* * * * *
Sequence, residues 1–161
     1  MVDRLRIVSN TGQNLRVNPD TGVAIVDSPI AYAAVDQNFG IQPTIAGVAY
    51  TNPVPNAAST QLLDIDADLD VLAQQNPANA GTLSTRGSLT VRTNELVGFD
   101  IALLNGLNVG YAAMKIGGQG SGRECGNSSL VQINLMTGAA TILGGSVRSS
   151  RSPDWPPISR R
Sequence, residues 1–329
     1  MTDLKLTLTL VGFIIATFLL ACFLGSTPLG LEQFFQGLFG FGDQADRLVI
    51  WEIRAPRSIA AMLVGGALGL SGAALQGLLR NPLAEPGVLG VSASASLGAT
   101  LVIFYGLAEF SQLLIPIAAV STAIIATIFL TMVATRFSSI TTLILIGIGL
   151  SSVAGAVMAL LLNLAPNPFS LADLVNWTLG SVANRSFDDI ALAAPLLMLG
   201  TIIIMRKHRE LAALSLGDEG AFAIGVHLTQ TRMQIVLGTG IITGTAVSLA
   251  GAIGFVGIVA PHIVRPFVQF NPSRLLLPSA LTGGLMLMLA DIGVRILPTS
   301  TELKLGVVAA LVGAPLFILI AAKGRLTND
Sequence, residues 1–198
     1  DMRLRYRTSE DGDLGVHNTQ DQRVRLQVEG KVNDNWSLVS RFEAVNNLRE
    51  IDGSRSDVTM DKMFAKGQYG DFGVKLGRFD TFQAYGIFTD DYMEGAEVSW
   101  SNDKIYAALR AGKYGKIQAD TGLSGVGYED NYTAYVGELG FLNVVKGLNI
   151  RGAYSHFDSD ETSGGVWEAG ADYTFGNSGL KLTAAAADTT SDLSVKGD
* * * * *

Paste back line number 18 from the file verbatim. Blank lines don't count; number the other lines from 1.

   151  RGAYSHFDSD ETSGGVWEAG ADYTFGNSGL KLTAAAADTT SDLSVKGD